Step 3: Carrying out the research / getting the true stories 

After listening to your elders, and coming to an agreement, you will start the research.

There are different ways that it may be appropriate to do your resarch…

  • You might sit with key people and record their stories
  • You might make a video of an important event
  • You might carry out interviews and make video or audio recordings of what people share with you
  • You might take photos of certain places or areas and then share the story of why they are important
  • You may create an artwork that shares particular knowledge or a significant story

As you work, keep going back to your senior people to let them know what is happening and ask them how they feel about it.

Thinking about research ethics…

Often, when resarch work is funded by universities or other organisitons, they will have their own ethics protocols that need to be followed. Often this includes working with a consent form that any participants in the research can sign saying that they understand what is happening and they agree to be involved.

If you want to use a consent form for your research you can download an sample: HERE 

There is another Tiwi researcher, Mavis Kerinaiua, who has worked hard to share the Turtuni story as a guide to ethical research practices for Tiwi and non-Indigenous people. Take a look at this framework below. On page 8 there are a set of Tiwi ethical principles. Consider how you may be practicing these when you do your research work.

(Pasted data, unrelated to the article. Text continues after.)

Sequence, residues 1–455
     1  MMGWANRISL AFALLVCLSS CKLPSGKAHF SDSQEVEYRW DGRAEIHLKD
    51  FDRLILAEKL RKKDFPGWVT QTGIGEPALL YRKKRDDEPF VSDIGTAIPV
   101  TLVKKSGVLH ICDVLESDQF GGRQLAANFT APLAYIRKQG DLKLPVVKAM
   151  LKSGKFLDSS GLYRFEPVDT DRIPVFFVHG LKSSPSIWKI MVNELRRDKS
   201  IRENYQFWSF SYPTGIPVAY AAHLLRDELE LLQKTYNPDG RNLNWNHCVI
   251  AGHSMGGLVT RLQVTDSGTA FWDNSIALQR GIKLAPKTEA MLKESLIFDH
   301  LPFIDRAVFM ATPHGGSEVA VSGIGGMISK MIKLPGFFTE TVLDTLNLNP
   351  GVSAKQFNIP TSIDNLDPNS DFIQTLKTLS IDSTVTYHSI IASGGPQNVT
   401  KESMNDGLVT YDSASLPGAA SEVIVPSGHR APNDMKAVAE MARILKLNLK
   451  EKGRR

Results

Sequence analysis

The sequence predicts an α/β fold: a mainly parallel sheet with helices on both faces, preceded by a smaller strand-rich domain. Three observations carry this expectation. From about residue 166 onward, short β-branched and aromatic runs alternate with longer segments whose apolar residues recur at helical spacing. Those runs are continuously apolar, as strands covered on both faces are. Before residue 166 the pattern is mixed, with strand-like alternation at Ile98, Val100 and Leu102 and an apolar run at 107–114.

What will be the outcome, or the benefit, of the research? 

Very often, Indigenous community-based reseach is not about finding out something new. It is about sharing something with services or non-Indigenous organisations that the elders and community members already know very well. Its about making Tiwi ways, Tiwi stories and Tiwi governance more visible to organisations and services so they better understood right ways to work within the community.

How will Tiwi people benefit from the research you are carrying out? This is an important question, that was probably already part of the discussion with your elders.

In a past project on ‘volunteering’ Tiwi elder Cyril Kerinaiua suggested that remembering the Tiwi term nguruwanajirri is importnat for both Tiwi people and services, like red Cross, that collaborate with them.


Move on to Step 4 =>